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[UPDATED] University of Kentucky violates state, federal law by vowing to investigate students over viral, ‘No uterus, no opinion’ video

Screenshot of video of students mocking pro-life demonstrator at University of Kentucky. (TikTok)

Screenshot from a video showing students mocking a pro-life demonstrator at the University of Kentucky. (@libsoftiktok /

UPDATE (Feb. 4, 2022): The University of Kentucky tells FIRE it “is not investigating and has no plans to investigate the incident. To do so would betray the very purpose of the institution.”

The university says its tweets saying an investigation was underway were “inartfully worded.”

FIRE thanks UK for the timely response.

  • Student to demonstrator: ‘Sorry! First Amendment, man.”
  • FIRE in letter to UK: “Yeah. What she said.”

The viral video spans just 22 seconds.

But the stain on the University of Kentucky’s reputation for threatening a lawful student protest on its public campus may last far longer. 

FIRE wrote to UK this afternoon urging it to immediately reverse course after it tweeted yesterday that it will investigate a group of four students who displayed “mocking behavior” toward a pro-life demonstrator.

Or as we here at FIRE like to call it: Fully protected, core political speech.

In the video — which was apparently taken last fall but went viral just yesterday — the students are seen standing in front of a pro-life demonstrator’s sign — which depicts an aborted fetus — doing a roughly choreographed dance, and then grabbing their bags to leave. One of the women turns to the man and says, “Sorry. No uterus, no opinion.” She momentarily extends her middle finger and walks away, before turning back a final time to add: “Actually, I promise I’d kill my baby if I got pregnant.” 

One of the other students chimes in: “I literally would! Are you kidding me? No uterus, no opinion.”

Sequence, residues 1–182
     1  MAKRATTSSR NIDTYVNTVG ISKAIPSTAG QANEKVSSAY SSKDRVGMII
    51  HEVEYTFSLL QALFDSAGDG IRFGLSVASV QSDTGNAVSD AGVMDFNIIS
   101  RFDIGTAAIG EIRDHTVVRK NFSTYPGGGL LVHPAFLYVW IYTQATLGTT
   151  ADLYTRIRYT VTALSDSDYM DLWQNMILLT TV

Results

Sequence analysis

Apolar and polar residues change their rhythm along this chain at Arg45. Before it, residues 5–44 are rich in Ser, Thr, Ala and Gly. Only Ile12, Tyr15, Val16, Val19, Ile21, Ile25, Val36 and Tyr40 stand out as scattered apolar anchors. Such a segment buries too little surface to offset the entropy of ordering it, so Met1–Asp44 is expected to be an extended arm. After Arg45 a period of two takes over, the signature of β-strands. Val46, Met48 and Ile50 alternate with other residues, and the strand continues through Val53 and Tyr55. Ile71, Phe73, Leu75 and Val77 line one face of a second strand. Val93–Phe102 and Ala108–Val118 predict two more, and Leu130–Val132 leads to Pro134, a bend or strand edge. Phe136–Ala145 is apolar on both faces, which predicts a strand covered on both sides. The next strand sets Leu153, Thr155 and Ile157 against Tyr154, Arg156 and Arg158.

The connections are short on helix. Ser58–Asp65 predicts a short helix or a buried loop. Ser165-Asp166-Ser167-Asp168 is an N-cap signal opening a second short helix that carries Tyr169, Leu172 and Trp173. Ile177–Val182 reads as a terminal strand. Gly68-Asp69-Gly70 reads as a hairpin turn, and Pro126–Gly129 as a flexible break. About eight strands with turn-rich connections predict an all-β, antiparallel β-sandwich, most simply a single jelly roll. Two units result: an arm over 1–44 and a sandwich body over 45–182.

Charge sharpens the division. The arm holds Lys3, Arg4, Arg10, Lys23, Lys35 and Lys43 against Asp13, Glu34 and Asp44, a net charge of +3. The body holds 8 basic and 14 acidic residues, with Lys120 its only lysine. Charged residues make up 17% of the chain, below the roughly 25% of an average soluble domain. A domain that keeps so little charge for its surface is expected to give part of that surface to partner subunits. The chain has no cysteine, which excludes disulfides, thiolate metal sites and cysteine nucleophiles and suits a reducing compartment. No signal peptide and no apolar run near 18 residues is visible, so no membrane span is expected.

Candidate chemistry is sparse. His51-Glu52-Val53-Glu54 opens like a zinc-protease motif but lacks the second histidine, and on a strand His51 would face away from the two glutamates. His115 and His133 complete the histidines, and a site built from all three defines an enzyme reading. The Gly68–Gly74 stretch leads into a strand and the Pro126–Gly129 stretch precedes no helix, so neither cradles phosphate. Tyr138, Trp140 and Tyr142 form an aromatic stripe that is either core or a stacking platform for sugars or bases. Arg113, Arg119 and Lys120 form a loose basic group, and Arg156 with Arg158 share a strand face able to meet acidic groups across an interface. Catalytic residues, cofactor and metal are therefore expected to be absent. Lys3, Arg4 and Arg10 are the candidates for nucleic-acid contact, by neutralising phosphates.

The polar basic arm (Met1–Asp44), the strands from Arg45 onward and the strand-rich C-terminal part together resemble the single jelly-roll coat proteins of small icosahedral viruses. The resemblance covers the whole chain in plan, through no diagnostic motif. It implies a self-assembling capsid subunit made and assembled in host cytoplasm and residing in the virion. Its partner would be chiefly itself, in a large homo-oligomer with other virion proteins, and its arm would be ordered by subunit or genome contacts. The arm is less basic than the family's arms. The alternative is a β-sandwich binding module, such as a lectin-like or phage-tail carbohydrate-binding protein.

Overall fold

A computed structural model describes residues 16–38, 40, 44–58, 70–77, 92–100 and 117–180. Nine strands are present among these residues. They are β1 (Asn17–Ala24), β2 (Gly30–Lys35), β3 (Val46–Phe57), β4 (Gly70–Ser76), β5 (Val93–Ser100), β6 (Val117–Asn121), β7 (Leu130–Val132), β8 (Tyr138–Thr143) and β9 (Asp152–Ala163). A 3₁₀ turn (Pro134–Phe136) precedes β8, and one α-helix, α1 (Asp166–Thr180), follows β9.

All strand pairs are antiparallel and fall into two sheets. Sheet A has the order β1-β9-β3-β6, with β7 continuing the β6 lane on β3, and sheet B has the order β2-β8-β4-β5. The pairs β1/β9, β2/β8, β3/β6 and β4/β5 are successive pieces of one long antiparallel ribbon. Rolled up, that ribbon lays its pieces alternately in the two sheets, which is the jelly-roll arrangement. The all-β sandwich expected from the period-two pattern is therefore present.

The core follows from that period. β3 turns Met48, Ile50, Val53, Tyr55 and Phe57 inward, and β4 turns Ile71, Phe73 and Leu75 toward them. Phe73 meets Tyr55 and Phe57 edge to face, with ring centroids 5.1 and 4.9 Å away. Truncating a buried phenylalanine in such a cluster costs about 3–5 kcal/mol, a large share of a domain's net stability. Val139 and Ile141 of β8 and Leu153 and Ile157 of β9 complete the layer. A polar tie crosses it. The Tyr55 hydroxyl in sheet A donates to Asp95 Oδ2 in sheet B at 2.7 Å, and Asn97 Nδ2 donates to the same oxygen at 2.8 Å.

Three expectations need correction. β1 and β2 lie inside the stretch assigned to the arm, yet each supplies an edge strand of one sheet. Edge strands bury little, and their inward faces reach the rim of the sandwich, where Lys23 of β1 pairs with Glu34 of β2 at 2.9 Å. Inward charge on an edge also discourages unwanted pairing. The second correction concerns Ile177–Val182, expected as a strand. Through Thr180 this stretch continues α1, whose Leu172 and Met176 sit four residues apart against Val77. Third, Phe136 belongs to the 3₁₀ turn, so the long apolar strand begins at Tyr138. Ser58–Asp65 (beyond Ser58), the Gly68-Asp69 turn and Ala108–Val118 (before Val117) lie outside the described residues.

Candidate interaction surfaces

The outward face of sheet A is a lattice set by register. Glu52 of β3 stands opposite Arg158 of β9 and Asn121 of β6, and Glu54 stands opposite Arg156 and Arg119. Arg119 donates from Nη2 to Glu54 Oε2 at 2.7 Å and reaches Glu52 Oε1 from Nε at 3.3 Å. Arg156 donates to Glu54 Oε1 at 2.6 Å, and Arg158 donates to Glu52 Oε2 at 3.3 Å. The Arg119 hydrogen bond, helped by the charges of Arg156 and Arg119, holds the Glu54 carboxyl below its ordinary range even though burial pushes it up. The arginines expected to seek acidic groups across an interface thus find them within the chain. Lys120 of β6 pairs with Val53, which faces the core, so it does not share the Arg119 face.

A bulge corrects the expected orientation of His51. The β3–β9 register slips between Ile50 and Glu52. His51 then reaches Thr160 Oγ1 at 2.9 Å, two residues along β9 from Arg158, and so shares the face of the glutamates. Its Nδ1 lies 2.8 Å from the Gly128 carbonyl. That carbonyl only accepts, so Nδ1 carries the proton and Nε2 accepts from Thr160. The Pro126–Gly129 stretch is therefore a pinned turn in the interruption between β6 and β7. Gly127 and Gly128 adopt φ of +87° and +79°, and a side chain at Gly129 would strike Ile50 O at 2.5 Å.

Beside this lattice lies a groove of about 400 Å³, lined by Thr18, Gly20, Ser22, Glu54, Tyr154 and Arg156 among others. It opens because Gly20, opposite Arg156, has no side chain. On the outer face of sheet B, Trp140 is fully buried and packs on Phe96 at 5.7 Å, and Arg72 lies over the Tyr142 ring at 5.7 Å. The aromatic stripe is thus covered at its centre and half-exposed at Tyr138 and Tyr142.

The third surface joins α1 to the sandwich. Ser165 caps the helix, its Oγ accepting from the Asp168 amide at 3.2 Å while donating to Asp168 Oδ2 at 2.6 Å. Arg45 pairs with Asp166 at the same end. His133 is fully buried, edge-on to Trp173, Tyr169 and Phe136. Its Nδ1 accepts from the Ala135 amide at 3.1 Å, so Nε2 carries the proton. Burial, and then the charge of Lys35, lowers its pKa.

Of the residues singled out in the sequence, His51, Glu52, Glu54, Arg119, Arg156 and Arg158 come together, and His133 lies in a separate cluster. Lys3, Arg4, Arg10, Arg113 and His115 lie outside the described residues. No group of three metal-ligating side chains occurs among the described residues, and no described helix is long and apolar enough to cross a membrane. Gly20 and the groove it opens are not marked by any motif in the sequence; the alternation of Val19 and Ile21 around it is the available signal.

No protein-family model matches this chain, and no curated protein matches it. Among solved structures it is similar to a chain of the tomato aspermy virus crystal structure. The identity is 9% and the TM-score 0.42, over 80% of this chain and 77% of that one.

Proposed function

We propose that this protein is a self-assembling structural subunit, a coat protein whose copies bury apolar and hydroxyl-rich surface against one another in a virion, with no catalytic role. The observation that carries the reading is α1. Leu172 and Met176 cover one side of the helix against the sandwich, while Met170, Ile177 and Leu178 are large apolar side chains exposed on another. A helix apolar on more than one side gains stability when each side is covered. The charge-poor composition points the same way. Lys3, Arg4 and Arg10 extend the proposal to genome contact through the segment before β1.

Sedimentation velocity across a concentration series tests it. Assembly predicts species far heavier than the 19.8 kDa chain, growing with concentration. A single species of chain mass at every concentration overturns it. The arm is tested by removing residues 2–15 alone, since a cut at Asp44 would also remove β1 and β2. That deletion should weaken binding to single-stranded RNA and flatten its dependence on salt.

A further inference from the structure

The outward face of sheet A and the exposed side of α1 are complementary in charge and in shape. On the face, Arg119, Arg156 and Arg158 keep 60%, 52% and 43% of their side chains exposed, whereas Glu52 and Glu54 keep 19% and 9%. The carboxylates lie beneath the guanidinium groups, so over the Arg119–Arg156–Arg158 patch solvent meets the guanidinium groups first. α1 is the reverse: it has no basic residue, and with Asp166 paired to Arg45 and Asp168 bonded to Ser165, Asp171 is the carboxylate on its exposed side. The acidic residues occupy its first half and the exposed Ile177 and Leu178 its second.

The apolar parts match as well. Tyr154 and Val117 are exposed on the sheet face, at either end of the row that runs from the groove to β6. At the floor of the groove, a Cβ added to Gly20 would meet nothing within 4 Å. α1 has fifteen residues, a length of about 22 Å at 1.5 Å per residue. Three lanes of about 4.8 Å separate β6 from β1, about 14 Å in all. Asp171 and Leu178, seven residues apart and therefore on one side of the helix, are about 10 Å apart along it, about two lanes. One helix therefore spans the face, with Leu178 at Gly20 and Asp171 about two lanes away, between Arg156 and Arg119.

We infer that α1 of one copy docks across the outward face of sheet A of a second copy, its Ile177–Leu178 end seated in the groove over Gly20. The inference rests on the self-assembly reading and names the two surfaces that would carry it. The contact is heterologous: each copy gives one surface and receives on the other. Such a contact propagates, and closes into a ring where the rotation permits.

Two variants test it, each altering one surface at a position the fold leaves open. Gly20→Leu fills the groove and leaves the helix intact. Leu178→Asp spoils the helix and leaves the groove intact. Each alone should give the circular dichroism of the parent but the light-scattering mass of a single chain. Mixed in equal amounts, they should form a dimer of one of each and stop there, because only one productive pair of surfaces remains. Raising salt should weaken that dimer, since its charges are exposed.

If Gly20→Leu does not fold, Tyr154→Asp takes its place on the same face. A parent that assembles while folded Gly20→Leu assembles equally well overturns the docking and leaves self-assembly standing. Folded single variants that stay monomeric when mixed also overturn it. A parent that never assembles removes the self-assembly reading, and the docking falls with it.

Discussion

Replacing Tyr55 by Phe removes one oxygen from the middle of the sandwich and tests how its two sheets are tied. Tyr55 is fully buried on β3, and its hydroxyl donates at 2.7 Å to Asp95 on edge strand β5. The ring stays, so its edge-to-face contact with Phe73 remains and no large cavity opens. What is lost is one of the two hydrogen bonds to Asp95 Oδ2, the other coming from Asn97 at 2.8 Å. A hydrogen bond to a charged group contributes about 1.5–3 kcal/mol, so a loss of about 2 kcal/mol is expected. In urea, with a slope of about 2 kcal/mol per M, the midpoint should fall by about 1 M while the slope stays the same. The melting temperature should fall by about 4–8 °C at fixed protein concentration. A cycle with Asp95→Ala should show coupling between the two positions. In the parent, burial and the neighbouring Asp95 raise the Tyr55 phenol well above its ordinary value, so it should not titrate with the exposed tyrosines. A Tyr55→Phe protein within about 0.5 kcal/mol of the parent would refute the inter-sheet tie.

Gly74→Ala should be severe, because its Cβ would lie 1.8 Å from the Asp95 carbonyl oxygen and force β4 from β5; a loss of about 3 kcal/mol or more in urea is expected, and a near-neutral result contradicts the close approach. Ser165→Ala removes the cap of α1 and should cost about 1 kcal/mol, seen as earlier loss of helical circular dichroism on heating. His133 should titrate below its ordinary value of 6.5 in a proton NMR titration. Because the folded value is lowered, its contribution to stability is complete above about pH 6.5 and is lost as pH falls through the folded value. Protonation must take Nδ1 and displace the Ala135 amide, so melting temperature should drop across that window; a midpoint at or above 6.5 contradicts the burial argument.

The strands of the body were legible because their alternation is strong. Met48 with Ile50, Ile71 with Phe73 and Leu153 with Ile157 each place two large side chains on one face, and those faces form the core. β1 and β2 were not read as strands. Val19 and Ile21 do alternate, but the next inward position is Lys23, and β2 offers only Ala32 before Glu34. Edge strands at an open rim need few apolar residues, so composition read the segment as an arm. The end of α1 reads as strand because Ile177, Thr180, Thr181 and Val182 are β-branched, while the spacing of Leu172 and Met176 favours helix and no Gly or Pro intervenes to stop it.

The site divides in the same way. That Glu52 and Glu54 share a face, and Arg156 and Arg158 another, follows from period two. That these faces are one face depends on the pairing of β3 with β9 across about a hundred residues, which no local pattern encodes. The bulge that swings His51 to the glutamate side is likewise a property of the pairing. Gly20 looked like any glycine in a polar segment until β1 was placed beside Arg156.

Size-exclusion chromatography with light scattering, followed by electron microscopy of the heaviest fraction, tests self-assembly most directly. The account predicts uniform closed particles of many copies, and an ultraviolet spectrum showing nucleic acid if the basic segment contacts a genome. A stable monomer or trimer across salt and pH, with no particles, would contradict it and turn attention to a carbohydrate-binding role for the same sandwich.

At one point, another student shouts — in feigned remorse — to the demonstrator: “Sorry. First Amendment, man.”

That’s the essence of FIRE’s letter to UK, reminding the public, land-grant institution that not only does the First Amendment protect this kind of basic, political counter-protest, but so does Kentucky state law, which mandates that UK maintain policies that uphold “the broadest possible latitude to speak, write, listen, challenge, learn, and discuss any issue,” and “a marketplace of ideas where the free exchange of ideas is not suppressed because an idea put forth is considered by some or even most of the members of the institution’s community to be offensive, unwise, disagreeable, conservative, liberal, traditional, or radical.” 

The Kentucky law also bans “[unreasonable] restrictions on the time, place, and manner of student speech that occurs in the outdoor areas of campus or is protected by the First Amendment of the United States Constitution.”

As we explain:

The students’ expressive conduct here is wholly protected by the First Amendment, does not constitute unlawful fighting words or harassment, and cannot be investigated or restricted on the basis that some may find it offensive. The First Amendment protects the display of the middle finger. (Indeed, the display of the middle finger is so plainly protected by the First Amendment that officials who penalize such expressive activity have been held personally liable for violating clearly established constitutional rights.

(Citations omitted.)

(Read more about the expressive qualities of middle fingers here.)

We also note that even “mere” investigations, without additional punishment, violate the First Amendment when “an official’s act would chill or silence a person of ordinary firmness from future First Amendment activities.” 

Even critics of the students’ expression have recognized it is plainly protected.

“Sorry. First Amendment, man.”

Mark Harrington, president of the pro-life group Created Equal, told local media today that it was his group that the students were confronting — and that he flatly opposes UK investigating them.

“Free speech is a cornerstone of our republic, and we oppose universities investigating students for their free expression,” Harrington told WTVQ. “[T]he university can play a role in teaching students to have respectful dialogue with those they disagree with.” 

The university’s Twitter account responded to the video yesterday within roughly an hour, so we know they’re ready to spring into action when a policy violation occurs. We’ve given the university until close-of-business tomorrow to confirm that it will publicly rescind its investigation threat and take steps to make sure this doesn’t happen again.

And if UK won’t listen to FIRE, it should at least listen to its own students: 

“Sorry. First Amendment, man.”

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